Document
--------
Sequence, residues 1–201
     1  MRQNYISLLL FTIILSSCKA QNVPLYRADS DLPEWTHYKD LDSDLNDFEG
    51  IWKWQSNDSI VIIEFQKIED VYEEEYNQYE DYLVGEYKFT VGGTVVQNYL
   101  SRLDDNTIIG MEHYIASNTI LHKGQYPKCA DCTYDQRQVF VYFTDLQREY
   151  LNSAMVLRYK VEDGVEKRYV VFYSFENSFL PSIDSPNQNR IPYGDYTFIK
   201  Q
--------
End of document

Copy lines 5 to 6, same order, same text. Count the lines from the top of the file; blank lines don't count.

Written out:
   151  LNSAMVLRYK VEDGVEKRYV VFYSFENSFL PSIDSPNQNR IPYGDYTFIK
   201  Q